- - Sunday, November 15, 2020

Once again a Commentary article in The Washington Times is right on target. “Our stockpile of nuclear weapons may not work” (Web, Nov. 12) by Robert Monroe outlines the risks of relying on computer programs instead of testing to determine stockpile reliability.

Mr. Monroe is right in pointing out that most of the scientists and engineers who developed and proved the capability of those weapons have long since retired, and the facilities they used have been allowed to decay. What is less well recognized is that the warheads contain many non-nuclear materials on which the functioning of the weapon is highly dependent. Most of these components were manufactured by companies that may no longer exist. Even those that remain will no longer use identical machinery and processes to remake the rubber, plastic and other components that will have aged and need replacing.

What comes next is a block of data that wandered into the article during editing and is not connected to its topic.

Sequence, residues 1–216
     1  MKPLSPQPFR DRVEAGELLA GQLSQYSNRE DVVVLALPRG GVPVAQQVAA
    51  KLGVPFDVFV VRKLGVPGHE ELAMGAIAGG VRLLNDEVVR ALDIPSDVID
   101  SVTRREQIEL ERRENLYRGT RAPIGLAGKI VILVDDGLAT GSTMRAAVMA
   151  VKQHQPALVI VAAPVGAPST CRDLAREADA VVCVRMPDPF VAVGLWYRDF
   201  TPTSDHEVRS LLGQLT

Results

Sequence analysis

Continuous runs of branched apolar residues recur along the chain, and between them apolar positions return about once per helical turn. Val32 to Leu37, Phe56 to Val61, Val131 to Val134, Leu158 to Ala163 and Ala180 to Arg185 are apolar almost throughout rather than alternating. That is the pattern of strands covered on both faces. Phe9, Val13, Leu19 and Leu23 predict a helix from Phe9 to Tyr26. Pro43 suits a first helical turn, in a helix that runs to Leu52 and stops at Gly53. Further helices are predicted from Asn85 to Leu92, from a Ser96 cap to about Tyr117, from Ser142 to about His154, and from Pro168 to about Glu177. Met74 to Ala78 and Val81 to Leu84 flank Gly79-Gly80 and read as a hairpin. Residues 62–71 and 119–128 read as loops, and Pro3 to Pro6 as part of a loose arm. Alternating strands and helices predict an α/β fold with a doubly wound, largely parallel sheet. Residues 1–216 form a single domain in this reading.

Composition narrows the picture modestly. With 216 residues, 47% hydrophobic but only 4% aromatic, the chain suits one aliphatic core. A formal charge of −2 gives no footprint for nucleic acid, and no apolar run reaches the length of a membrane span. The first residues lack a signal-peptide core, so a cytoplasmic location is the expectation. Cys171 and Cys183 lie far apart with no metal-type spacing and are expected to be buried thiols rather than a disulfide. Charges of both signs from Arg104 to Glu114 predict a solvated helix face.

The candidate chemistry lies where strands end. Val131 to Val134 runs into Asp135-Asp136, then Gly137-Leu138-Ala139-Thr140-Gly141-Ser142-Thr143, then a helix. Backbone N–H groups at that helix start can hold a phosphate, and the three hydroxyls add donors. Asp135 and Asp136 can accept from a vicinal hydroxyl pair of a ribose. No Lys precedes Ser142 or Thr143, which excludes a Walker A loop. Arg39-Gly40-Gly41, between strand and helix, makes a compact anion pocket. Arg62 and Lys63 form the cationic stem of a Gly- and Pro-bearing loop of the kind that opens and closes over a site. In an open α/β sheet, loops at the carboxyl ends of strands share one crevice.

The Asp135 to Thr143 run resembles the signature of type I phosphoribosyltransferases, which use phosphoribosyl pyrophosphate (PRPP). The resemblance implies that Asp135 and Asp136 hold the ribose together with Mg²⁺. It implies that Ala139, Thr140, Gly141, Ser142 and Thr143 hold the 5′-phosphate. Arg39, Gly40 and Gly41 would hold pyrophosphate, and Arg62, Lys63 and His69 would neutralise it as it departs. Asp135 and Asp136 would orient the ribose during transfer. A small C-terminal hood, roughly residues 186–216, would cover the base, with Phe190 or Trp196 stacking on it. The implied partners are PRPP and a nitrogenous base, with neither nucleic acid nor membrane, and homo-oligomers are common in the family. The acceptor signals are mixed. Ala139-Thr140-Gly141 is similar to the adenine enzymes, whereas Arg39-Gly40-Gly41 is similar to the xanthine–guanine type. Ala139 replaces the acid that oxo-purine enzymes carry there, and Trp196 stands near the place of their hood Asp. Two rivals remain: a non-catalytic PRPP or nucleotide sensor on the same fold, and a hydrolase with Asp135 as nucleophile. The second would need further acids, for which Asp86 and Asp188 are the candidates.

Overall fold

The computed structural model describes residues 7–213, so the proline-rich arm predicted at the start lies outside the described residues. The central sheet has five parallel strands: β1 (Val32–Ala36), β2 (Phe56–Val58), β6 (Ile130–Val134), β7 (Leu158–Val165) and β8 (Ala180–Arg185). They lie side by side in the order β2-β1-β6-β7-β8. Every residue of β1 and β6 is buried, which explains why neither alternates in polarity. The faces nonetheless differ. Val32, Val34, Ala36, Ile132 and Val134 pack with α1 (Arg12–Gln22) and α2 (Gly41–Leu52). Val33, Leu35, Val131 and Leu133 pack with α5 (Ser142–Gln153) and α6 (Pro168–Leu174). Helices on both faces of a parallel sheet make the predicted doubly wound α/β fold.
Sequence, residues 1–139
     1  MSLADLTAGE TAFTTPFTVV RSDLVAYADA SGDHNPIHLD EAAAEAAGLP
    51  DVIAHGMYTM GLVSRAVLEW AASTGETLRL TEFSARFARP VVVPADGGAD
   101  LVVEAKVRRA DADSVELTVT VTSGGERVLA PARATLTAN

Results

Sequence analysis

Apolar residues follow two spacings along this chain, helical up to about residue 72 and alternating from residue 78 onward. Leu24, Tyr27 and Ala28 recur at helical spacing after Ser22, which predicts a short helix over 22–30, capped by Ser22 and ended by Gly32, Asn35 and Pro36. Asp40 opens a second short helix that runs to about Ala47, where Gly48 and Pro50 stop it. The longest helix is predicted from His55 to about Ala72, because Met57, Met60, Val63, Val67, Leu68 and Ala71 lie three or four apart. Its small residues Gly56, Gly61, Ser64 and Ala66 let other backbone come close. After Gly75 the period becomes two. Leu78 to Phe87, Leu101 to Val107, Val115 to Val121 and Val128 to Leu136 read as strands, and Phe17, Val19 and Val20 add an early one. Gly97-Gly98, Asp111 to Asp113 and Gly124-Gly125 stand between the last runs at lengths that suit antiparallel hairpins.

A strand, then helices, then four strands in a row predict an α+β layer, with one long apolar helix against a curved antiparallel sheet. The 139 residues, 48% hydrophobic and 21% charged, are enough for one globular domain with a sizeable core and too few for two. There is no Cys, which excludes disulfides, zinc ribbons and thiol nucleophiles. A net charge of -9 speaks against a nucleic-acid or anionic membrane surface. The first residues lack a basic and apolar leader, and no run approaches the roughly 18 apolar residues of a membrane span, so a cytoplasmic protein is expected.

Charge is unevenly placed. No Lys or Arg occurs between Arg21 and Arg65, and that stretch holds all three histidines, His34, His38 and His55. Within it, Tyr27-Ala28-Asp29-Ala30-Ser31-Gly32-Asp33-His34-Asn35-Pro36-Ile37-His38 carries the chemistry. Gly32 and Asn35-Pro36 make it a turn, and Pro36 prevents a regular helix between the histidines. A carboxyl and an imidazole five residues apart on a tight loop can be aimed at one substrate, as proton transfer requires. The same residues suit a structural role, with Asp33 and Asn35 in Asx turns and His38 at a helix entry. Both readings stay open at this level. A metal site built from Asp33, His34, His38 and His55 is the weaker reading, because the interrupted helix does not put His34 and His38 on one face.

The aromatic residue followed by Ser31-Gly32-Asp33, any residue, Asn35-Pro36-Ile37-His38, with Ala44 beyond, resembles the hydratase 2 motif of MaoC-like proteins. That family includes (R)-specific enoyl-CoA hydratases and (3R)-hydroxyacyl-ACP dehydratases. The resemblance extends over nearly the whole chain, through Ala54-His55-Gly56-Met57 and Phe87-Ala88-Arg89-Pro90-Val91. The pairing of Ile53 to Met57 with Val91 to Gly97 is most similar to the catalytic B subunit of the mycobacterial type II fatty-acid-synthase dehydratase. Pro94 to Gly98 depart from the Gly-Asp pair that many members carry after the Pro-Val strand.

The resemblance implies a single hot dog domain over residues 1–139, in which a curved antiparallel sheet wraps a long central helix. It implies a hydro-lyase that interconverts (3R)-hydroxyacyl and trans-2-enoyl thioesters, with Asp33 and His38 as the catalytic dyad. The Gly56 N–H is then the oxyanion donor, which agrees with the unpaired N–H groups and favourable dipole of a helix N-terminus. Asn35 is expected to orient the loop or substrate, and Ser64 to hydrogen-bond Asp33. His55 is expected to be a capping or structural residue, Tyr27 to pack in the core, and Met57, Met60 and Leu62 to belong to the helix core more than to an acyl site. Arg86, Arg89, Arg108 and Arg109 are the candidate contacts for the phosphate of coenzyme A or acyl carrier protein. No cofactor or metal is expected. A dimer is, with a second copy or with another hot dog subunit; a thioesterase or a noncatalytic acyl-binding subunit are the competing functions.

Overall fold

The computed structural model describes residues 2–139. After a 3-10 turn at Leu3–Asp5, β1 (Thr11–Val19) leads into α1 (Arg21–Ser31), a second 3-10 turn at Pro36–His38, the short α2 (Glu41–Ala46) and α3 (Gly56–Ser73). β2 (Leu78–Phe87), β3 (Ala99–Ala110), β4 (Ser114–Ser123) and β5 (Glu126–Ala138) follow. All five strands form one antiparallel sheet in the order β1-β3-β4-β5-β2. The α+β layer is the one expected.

At one time I was responsible for the life-extension program of the British nuclear stockpile, and the greatest problems were encountered in replacing such materials with assured properties. No computer simulation can satisfy such a requirement.

Our leaders need to recognize that life-extension programs merely provide a Band-Aid to avoid facing the real issue. We need to reauthorize a modernization of our nuclear stockpile by developing and designing new warheads. New warheads would incorporate current (rather than 50-year-old) technology. The remaining problem, however: Where are the scientists and facilities to allow these programs to proceed?

We have real problems in retaining our deterrent posture, a policy that cannot be allowed to lapse further as we face a proliferated world, with too many hostile entities.


Rockville, Md.

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